We’re such a television-obsessed culture now that, if we can’t find the remote we go from placid to violent in around five seconds. So spare a thought for Russia who, after a three-day black out, is only just beginning to receive transmissions once again. A fire at the Ostaniko tower was the source of the trouble and three days later the two main Russian channels began to do a limited joint transmission service which included soap operas and news programmes. T.V addicts may have longer to wait before many of their favourite shows are back on the airwaves, perhaps as long as a month and a half.
A much greater tragedy was unveiled as televisions across Russia staggered back into life; the deaths which were the result of the transmission tower fire. Three people, lift operator Svetlana Loseva, Aleksandr Shepitsyn, a plumber and Vladimir Arsyukov, had been attempting to flee the burning tower in the lift when the carriage plunged and killed them. However, this is not the full horror of what actually went on. Russian T.V gave a surprisingly stark description of what happened. Before the car of the lift actually plunged down, it became suspended some 250 metres above the ground. Here, because of the fire, it became red hot and, in the pitch blackness, began to fill with smoke. The harrowing last words of one of the victims are said to have been: “We have one breathing apparatus between the three of us. We are suffocating”
Soon after this last message was sent the cables of the lift snapped and the carriage plunged towards earth, smashing through the concrete floor and ending up some seven feet beneath the basement. Regulations apparently state that the lift should have been shut down as soon as the fire broke out but, tragically this did not happen. The fire itself was also caused by a catastrophic failure to adhere to regulations. Out of the 38 regulations in place to prevent such a tragedy as this happening, only 16 were adhered to. Russia will be sombre after learning of these deaths so tragic. People might be a bit miffed that they can’t get their favourite T.V show, but such petty annoyances will be replaced by a national grief at the horrific nature of these three people’s deaths. Investigations are now likely into why so many regulations were not adhered to.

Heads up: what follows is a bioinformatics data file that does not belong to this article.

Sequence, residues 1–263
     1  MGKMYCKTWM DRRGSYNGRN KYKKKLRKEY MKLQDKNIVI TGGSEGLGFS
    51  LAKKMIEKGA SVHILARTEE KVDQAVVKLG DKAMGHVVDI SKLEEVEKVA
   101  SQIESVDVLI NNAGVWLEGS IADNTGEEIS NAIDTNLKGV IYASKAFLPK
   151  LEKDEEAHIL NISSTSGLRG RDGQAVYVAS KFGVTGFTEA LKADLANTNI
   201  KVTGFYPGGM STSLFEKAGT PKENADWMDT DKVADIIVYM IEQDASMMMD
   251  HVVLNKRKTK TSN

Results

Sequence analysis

Consumers in a shopping centre were left shocked after a man tragically fell to his death off an escalator. The Cornerhouse Complex in Nottingham was left stunned when Christopher Harris fell two floors from the escalator on a Thursday. He did not die instantly from the fall but, after being taken to the Queens Medical Centre he succumbed to the seriousness of his injuries.
Obviously, the first concern of the Health and Safety inspectorate was to determine what, if anything, might have caused the fall. An examination of the escalator determined that it was safe and that no faults had occurred to cause Mr. Harris’ death. Thus, it was an investigation which really raised more questions than it did actually answer, but the shopping centre itself will be relieved that they are not to blame for the tragedy which took place.
A spokesperson for the shopping complex has said that: “The Cornerhouse are working with the police and relevant authorities to fully investigate the incident and our deepest sympathy goes to all friends and family”. The spokesperson went on to reiterate that “The escalators are serviced and maintained to correct standards and were in fact inspected and cleared after the incident by a registered escalator engineer”. This would seem to be backed up by the coroner who has confirmed that the death is not considered suspicious and will thus not investigated as such. Thus attention turns from trying to find someone to blame, as there is nobody to blame, to finding how such an accident took place and how Mr. Harris sadly lost his life.